Since most dental health care workers are expected to reuse their face shields, it is important to understand how to clean and disinfect this personal protective equipment (PPE). Proper and effective cleaning is a hot topic online. Typically, the comments are off-the-cuff and anecdotal.
Last week I spent hours trying to get answers to these questions. I contacted numerous distributors and manufacturers and quite honestly there was very little consensus regarding how to care for these devices, but here is what I learned.
Plastic face shields
The actual face shield material is some type of plastic, but that is where the similarity ends. Shields are made with a variety of materials, including polycarbonate and polyethylene terephthalate (also known as PET or polyester). Some materials are more rigid than others and some shields are more scratch-resistant, prolonging the overall life of the shield. Optical clarity in a plastic shield is also critical.
Sifting through the information
One company did not have a specific cleaning protocol. This decision was based on the manufacturer not having specific clearance from the Occupational Safety and Health Administration (OSHA) about cleaning and disinfecting their specific product. Another company deems their product to be single use only and recommends the shield should be discarded after each patient use. The remaining five companies had a variety of responses including using plain soap and water, or an EPA-approved product commonly used as a hard surface disinfectant or cleaner in a dental office, or 70% isopropyl alcohol as a disinfectant.
The mere lack of information or conflicting advice is not shocking. Until this recent pandemic few dental professionals routinely wore face shields, so quite simply the conversation is a new one for most companies. Out of desperation, I sought the advice of a chemical engineer on how to safely clean a plastic device. While he is not an infection control expert, he would know how to keep the shield clean without damaging the optical properties of the plastic. Since this engineer is married to a dental hygienist, he has a vested interest in a positive outcome.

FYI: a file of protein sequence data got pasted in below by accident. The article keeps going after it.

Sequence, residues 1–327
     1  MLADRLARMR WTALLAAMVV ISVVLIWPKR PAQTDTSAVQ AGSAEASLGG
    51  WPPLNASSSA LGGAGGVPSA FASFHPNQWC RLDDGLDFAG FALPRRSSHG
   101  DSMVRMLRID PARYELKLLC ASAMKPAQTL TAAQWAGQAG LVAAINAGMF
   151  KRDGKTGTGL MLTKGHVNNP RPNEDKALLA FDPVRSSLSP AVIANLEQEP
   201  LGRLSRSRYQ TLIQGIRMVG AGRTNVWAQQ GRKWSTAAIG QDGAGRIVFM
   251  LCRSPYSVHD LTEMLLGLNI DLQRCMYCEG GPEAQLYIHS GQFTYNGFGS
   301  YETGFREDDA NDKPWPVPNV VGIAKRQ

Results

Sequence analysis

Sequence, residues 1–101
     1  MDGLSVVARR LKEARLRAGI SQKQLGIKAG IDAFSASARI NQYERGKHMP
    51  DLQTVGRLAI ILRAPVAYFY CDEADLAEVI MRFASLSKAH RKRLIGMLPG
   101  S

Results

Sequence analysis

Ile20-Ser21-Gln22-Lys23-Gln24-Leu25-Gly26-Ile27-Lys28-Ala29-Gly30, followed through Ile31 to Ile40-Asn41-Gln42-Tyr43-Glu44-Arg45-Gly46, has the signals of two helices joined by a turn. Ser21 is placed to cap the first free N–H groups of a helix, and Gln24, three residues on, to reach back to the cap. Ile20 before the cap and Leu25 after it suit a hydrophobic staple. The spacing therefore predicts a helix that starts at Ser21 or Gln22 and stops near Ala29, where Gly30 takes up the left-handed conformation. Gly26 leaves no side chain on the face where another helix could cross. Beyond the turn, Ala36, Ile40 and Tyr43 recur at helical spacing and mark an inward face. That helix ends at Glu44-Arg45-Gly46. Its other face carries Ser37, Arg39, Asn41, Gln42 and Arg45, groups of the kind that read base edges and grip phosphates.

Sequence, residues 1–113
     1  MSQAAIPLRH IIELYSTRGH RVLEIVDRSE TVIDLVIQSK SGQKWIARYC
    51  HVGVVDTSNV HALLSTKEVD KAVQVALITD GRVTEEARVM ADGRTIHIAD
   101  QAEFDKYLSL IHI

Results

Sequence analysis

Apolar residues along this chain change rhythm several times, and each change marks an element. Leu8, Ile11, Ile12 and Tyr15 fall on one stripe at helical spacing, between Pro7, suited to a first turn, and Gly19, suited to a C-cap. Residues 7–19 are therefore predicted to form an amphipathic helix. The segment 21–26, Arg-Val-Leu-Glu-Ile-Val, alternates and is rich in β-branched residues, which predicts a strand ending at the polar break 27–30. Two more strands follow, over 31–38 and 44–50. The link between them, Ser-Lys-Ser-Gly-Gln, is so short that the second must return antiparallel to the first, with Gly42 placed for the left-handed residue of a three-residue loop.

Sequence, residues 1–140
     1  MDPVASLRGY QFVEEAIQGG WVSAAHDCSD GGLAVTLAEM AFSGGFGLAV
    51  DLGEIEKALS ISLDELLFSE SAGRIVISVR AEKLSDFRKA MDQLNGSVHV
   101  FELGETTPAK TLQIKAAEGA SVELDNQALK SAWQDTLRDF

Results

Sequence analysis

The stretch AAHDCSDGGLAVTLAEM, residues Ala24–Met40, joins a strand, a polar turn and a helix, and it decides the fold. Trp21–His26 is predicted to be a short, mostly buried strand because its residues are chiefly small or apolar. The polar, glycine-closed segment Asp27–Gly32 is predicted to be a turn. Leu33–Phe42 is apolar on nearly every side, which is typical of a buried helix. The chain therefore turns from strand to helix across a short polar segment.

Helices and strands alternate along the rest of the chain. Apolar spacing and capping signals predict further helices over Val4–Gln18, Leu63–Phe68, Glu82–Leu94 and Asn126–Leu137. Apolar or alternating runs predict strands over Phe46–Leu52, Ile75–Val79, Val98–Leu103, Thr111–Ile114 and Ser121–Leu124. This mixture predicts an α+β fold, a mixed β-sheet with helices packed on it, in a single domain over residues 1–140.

Basic cleaning and disinfecting tidbits
To avoid creating surface scratches, submerge the face shield in warm water to dislodge particulate matter. Adding a mild liquid dish, like Dawn, reduces surface tension, and allows the soapy water to evenly disperse across the surface. A soft cloth or sponge can be used to gently clean the shield. Rinse the shield in clear water and dry with a soft cotton towel or a microfiber cloth. Remember soap and water removes microbes on our hands, so it will work on your shield as well.
Some clinicians also wish to use a surface disinfectant wipe or spray, but these products can leave a visible residue, which then needs to be removed. Time also matters when it comes to disinfectant solutions. Strictly follow the specific product directions for use to ensure complete disinfection. While a quick wipe may seem efficient, the contact time must be a followed. The required wet contact time can range from thirty seconds to as long as four minutes. A 70% alcohol wipe will also disinfect and keep plastic surfaces clear, but it is critical to remove the bioburden prior to disinfecting.
Damaging a face shield
Avoid using household cleaners that contain ammonia or products formulated to clean glass surfaces. Cleaners like these have the potential to damage plastic surfaces resulting in a permanently cloudy surface. Commercial cleaners that contain any type of grit are also contraindicated, including toothpaste. Avoid using paper towels, which can create microscopic scratches.
If you are worried that a specific cleaner or disinfectant might damage your face shield it is easy to run a compatibility test. Apply a small amount of the product in an inconspicuous place on the shield, such as the edge. To avoid an oops moment, make sure the test area is out of your line of sight.
Patient eye protection
In addition to face shields, many clinicians offer patients protective eyewear or goggles. Most likely this practice will become more common. Patient eye protection can be cleaned and disinfected in the same way as our shields. Once dry, store the protective eyewear in individual zip lock bags. Patients are bound to appreciate this additional consideration.
OSHA weighs in on PPE
According to OSHA, clinical dental health care workers are deemed a very high exposure risk for COVID-19. Current guidelines include minimizing the use of dental handpieces, air water syringes, and ultrasonic dental scalers and any other aerosol-generating procedures. OSHA recommends the use of an 8 mm diameter HVAC suction systems to help capture splatter and control aerosols. In addition to a mask, a face shield is recommended for all aerosol-generating procedures on all patients considered well, and for any procedure when treating a person with suspected or confirmed COVID-19. In addition, OSHA recommends performing as many tasks as possible away from patient care areas, such as cleaning a face shield.